With a four-leaf clover as its ensign, Gijón’s Atlantic Botanic Gardens celebrates its thirteen years of existence. It seems nowadays that the Botanic Gardens have been there forever, although it should be recalled that the initial project was greeted by scepticism in some quarters, as an impossible idea to accomplish. However, it seemed clear that the time would eventually come to provide protection and public use two natural monuments in Gijón/Xixón. On the one hand, the La Isla Garden created from 1870 on by local industrialist Florencio Valdésand linked to a private property which still stands in the grounds of the Botanic Gardens, though it houses outside activities.
La Isla itself is a jewel that allows visitors to appreciate the basics of gardening over the last 200 years. Its restoration has been enriched with collections of the most representative groups of ornamental plants. The second masterpiece of nature which in itself justifies the creation of the Botanic Gardens is the Carbayeda del Tragamón or Tragamón Oak Grove, with specimens of more than 400 years old, which has been included within the Atlantic Route.
This itinerary comprises one of the four areas or plant collections into which the Botanical Garden is divided. It offers a tour of the main plant landscapes of the North Atlantic, a recreation of the archetypal vegetation of different biomes of the European zone, namely the boreal and temperate biomes.
The variety, density and quality of the contents of the Botanic Garden is completed with two more collections in which visitors can come into contact with other plant varieties. One is the Cantabrian Environment, a botanical and scenic tour of the native species of this geographical area. The ancestral relationship of human communities with their surrounding plant life is also reflected in this area of the Botanic Garden in the so-called Quintana de Rionda, the recreation of a traditional Asturian farmstead. The farmstead comprises five architectural elements: the house where the family lived; the stable for animals; the cider press for cider making; the mill for grinding grain; and a panera or large raised granary-cum-storehouse in which food was stored and cured. The buildings of the Quintana de Rionda farmstead house permanent exhibits that explain the contents of the Botanic Gardens before the actual visit. They also introduce visitors to the fourth thematic area of the Gardens: the Plant Factory, a title that sums up the purpose of this area very well, namely to explain many aspects of the productive value of plants. These include fruits, vegetables, teas, aromatic and medicinal herbs, fruit trees, cereals and tubers that have changed the lives of humans.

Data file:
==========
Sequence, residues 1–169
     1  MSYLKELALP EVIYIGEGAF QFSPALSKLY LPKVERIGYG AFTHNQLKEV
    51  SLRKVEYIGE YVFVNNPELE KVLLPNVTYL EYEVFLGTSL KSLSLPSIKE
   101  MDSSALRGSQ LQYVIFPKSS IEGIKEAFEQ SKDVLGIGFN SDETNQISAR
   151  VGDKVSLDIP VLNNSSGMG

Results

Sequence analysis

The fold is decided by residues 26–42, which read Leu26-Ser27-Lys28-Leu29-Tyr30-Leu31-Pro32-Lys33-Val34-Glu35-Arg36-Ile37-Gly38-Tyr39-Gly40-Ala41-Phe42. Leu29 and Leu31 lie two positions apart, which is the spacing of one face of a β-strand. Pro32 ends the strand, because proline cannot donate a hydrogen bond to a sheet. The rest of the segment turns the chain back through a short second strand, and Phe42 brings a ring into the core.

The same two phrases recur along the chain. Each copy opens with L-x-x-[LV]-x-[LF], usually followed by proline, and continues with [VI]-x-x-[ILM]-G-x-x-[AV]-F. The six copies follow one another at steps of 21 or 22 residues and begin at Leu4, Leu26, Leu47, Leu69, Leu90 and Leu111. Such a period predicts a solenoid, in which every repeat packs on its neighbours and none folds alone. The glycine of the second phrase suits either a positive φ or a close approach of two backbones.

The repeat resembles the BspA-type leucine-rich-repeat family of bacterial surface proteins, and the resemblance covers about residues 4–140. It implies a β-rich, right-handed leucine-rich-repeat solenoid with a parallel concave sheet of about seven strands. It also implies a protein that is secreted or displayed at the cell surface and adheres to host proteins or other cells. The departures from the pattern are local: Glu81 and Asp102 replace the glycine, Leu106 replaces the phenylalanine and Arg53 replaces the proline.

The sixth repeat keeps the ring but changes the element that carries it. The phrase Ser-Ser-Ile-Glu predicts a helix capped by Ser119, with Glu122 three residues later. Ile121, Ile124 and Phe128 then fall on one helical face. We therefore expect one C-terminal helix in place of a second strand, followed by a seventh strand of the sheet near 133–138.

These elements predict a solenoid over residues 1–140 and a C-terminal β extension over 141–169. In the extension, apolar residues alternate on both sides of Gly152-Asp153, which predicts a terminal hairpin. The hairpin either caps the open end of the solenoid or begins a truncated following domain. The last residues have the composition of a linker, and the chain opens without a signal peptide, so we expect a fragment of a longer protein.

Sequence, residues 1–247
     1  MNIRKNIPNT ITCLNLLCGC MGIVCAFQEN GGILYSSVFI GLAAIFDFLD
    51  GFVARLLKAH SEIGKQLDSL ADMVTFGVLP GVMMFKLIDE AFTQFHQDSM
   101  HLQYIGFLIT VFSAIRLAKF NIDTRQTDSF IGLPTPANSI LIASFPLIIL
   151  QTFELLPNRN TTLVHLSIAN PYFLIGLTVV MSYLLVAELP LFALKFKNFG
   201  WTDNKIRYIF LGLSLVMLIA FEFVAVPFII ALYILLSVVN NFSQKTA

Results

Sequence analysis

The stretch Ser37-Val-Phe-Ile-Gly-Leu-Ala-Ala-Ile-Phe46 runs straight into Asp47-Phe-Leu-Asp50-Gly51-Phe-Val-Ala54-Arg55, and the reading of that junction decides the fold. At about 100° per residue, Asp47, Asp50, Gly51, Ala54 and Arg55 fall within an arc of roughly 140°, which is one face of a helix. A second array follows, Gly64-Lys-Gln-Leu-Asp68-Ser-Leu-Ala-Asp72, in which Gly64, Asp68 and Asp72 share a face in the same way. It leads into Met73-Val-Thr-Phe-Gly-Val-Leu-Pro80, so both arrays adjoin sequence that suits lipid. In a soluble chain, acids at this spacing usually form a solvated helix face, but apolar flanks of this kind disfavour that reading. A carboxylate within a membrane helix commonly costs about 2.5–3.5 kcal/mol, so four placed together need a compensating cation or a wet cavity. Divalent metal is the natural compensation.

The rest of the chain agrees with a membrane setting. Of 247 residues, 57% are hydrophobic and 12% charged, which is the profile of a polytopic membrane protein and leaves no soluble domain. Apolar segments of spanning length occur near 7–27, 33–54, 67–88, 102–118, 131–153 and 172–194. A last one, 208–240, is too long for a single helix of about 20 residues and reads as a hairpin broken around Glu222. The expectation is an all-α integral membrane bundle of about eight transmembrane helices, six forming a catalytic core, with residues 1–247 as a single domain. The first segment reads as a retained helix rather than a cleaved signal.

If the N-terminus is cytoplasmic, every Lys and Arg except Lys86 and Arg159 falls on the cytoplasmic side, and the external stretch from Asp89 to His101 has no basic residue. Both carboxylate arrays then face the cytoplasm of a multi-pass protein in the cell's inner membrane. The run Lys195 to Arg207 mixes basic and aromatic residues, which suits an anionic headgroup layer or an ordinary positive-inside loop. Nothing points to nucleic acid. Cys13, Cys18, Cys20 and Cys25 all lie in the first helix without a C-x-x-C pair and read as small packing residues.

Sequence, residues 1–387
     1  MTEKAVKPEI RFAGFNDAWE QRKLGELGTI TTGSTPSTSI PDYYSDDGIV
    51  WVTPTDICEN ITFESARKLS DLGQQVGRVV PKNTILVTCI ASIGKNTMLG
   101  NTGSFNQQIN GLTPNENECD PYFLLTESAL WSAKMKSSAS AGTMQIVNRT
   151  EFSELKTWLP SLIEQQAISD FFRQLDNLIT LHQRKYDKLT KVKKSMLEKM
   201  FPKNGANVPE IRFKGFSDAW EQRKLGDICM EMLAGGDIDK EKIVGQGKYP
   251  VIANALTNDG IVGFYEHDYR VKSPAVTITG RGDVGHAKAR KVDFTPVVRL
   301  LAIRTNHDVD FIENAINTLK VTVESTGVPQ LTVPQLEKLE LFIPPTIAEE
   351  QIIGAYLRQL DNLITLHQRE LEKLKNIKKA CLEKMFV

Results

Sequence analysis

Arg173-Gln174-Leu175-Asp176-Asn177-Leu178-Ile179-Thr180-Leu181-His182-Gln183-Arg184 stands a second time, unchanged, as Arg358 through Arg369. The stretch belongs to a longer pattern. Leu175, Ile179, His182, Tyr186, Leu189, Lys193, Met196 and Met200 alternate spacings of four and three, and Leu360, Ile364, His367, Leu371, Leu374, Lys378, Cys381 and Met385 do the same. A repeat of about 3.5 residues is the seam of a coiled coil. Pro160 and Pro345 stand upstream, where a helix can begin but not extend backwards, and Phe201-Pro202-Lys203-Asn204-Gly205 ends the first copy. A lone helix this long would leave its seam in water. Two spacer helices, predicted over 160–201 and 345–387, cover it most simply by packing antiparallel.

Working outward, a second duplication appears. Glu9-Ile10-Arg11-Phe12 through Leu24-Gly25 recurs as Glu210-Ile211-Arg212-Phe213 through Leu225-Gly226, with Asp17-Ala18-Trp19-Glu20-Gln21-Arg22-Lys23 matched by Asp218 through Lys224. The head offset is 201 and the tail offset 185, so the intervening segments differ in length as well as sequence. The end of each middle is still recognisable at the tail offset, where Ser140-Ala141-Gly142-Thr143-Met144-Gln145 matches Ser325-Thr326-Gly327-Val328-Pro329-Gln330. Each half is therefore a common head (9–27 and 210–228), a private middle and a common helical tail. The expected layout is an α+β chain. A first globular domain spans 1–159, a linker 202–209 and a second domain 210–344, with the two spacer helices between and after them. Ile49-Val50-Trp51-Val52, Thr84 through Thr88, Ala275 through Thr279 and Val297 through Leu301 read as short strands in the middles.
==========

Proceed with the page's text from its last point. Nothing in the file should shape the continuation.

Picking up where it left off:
The roots that the Botanic Gardens have put down over their thirteen years of existence have extended out to many spheres of society, from the simply curious to researchers and the thousands of students who visit each year to take advantage of their broad-ranging educational programme. The “Children’s Wood”, the “Passport to Nature” workshops and the different displays and teaching resources on offer have opened the doors to an exciting world for younger generations that is right there, on their very doorsteps. In addition, the Botanic Gardens boast a high-level research profile that links them to the best botanic gardens in the world through knowledge sharing. The germplasm bank, the herbarium donated by Father Laínz and the care of the botanic collections, both living and dead, are some of the missions of the team of scientists who oversee the daily life of this immense organism.
Yet the Botanic Gardens are much more than this… they are inexhaustible. They host concerts as well as public and private social events, organize courses, workshops, tours and guided visits, in addition to having their own plant shop and book shop. Founded at almost the same time, the Association of Friends of the Botanic Gardens provides substantial backing and collaboration via its contributions and the publicizing of the activities organized by the Gardens.
Thirteen years of putting down roots and harvesting abundant fruit… and hopefully many more still to come!